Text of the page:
NONDISCRIMINTATION TESTING - TOP HEAVY DETERMINATION
The top heavy determination is one of the nondiscrimination tests required by the IRS to ensure plans do not disproportionately favor certain owners and officers.
What is the top heavy determination?
The determination compares the account balances of key employees (defined below) to those of non-key employees. If the sum of all key employee balances exceeds 60% of the total balances in the entire plan as of the determination date, the plan is top heavy, potentially requiring the plan sponsor to make a minimum contribution for each non-key employee.
Who are key employees?
Generally, key employees are the owners and officers of the plan sponsor. More specifically, a key employee is anyone, who at any time during the plan year, fits into at least one of the following categories:
- An individual who owns more than 5% of the plan sponsor or a related employer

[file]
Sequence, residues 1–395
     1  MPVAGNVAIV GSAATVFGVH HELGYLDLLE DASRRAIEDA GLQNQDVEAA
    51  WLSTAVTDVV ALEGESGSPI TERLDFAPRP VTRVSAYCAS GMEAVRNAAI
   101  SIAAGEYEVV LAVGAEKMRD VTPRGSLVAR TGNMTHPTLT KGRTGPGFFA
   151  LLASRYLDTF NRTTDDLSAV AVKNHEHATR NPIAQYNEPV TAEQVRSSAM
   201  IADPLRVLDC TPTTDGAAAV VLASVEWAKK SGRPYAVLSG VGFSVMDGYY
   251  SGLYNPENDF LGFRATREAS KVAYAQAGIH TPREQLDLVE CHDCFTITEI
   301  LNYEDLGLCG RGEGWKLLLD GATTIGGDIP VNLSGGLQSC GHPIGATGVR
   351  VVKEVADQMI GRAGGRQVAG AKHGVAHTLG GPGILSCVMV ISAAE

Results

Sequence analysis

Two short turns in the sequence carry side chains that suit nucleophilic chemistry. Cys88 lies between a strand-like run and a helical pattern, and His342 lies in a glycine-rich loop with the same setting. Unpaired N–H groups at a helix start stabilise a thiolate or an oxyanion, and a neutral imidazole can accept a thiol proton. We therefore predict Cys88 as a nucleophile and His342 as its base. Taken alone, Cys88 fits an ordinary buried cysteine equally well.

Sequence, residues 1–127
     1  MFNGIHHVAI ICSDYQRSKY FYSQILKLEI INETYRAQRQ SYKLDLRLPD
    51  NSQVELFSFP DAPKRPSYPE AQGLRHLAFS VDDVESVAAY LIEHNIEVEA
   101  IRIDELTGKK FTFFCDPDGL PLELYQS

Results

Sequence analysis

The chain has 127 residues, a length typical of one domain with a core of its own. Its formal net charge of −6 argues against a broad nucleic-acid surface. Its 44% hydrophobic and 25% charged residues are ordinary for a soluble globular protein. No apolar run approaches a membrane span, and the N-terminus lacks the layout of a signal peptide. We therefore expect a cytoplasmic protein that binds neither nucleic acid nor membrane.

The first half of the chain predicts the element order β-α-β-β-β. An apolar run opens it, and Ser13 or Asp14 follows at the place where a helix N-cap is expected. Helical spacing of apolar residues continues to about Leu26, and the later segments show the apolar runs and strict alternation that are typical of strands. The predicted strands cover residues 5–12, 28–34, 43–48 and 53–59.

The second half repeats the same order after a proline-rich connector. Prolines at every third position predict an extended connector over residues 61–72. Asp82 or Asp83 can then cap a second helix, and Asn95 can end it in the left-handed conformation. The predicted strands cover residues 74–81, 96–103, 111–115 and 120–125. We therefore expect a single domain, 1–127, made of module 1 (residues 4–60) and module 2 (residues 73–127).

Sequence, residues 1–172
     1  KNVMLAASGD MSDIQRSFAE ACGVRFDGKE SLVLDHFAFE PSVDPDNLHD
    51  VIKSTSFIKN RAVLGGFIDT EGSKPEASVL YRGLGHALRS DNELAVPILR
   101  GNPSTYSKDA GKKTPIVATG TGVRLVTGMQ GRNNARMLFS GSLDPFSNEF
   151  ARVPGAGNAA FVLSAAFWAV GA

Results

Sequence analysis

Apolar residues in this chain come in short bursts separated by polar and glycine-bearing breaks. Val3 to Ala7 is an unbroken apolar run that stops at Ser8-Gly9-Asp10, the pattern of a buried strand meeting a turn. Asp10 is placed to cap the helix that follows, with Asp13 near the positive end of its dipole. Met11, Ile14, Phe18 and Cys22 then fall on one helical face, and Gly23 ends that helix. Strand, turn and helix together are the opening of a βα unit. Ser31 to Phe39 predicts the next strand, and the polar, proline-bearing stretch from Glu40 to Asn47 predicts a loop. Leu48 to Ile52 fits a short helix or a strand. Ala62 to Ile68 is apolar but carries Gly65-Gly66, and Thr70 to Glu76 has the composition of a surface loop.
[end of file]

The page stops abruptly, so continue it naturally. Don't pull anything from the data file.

- An individual who owns more than 1% of the plan sponsor or a related employer AND has annual compensation exceeding $150,000
- An officer of the plan sponsor or a related employer with annual compensation exceeding $170,000 (indexed for future years)
There are a couple of additional points to note. For purposes of ownership, family attribution rules apply. That means that an individual is generally deemed to own company stock owned by his or her spouse and lineal ascendants/descendants.
For purposes of officer status, no more than 10% of the total employees can be considered officers.
A more detailed description of the definition of key employee is available here.
When is the top heavy determination made?
Unlike other nondiscrimination tests that look backwards to determine compliance, the top heavy determination is forward-looking. At the end of each plan year, the top heavy determination is made to establish whether or not the plan is top heavy for the coming plan year. For example, consider a plan that operated on the calendar year. As of December 31, 2013, it is determined whether that plan is top heavy for 2014. This allows plan sponsors to know in advance whether or not their plans will be top heavy and take any appropriate action steps rather than finding out after the fact.